Fire Recovery Efforts in CA Wine Country: Come, Buy and Spread the Word
At the annual Wine Bloggers Conference, this year held in Santa Rosa from November 9-12, the main topic of major concern were the recent North Bay wildfires most notably in Mendocino, Napa and Sonoma County. The city of Santa Rosa in Sonoma County experienced the Tubb’s fire at its northern edge as it swept through the residential areas of Coffey Park and Fountaingrove, causing devastation and loss of life. In Napa County and Sonoma County, the Nun’s fire ravaged the countryside and further casualties, as well as the separate Atlas fire in Napa and the Redwood Valley in Mendocino. It has been only six weeks since the first fire started late on Sunday, October 8, and continued for three weeks as firefighters focused initially on evacuation before being fully contained. Wine Country residents are gradually coming to terms with the catastrophe that consumed them but are determined to move forward and save their national treasure.
One of the excursions as part of the 2017 Wine Bloggers Conference was a visit to a local winery for a tasting. Martin Ray Winery is located approximately ten miles north west of Santa Rosa and source their wines from Sonoma and Napa County. Although pinot is what they do most, I was very attached to the Martin Ray 2015 Synthesis with its complex palate of blackcurrant and spice. The winemaker Lyndsey Houghton recalls the early morning of October 9 very clearly, and described it as nothing less than apocalyptic. Fortunately, none of their staff had been endangered by the fire and neither had their vineyards as they had already harvested the majority of their wines.
“90% of grapes had been harvested already,” explained Patsy McGaughy, the Napa valley vintners communications director, who also indicated that the wineries are still optimistic about the 2017 vintage and wineries would not release a single wine if it was not up to the expected high quality. The remaining 10% that was left on the vine was cabernet and has typically tougher skin and is more resilient. Patsy was part of a two-stage conference panel where the fires were discussed. Local Photographer and previously a twenty five year resident George Rose spoke about his experience during the fire and how he could “show a story in pictures that no one can tell in words.” George explained how the moisture in the vines acted as a natural fire break to any further spread and explains why only a small percentage of the vines were destroyed. As Patsy explained, for Napa County, there were fewer than five wineries with significant damage, although approximately 50 wineries had experienced some direct damage such as melted irrigation systems. One of the wineries that was engulfed by the Atlas fire was Signorello Winery in Silverado, Napa County. Winemaker Pierre Bierbent spoke about how he desperately attempted to put out the fire singlehandedly with a hose pipe before the firefighters came on the scene. He explained how the 2016 was in storage and the 2017 was already being fermented and there are plans to make the new Signorello “nicer, bigger, better.”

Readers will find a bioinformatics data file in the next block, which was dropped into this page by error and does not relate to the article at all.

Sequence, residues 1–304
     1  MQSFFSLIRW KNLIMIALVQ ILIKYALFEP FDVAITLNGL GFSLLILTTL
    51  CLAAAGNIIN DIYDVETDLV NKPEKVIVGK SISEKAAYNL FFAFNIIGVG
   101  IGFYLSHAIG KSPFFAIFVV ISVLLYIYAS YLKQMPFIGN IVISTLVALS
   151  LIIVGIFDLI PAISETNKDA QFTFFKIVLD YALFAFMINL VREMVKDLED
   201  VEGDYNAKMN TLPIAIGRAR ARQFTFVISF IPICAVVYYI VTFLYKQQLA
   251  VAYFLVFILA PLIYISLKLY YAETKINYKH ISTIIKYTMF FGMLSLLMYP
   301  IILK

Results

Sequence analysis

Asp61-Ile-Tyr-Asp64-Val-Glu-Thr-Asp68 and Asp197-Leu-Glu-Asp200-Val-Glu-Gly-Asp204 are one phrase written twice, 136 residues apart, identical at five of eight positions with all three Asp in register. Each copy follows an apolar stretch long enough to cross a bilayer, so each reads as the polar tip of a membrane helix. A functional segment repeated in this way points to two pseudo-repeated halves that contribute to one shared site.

Redwood Credit Union ad on Highway 101 provides financial support for displaced people of the fires.
During the first ten days of the fire when there was limited power and communication, social media was the most effective way in which residents, evacuees and journalists could reach out and get timely updates as they happened. Local journalist Sarah Stierch tweeted more than a thousand times during the fires, self reporting updated information to help and protect the local Wine Country community. As recovery efforts kick in, Sarah has helped initiate Comfort Drinks where donated wines, beers and non-alcoholic craft drinks are distributed to people who have been displaced by the fires. If you would like to donate to the recovery efforts, a volunteer-led website called North bay Fire Donations is operated by fire survivors and allows the donor to either donate money, items such as clothing or scroll through a list of establishments offering a percentage of the sale to recovery efforts.
Patsy acknowledges that “Napa valley is still open for business, but not quite business as usual.” She went on to say that “This was a human tragedy where people’s livelihoods depend on the valley.” The whole of Wine Country is drawn together to invite anyone with a passion for wine to come to the area, and/or buy the wine and to recommend it to their friends. Please help in spreading the fine wine word.
Read the previous post: Getting fresh with Rías Baixas at Wine Bloggers Conference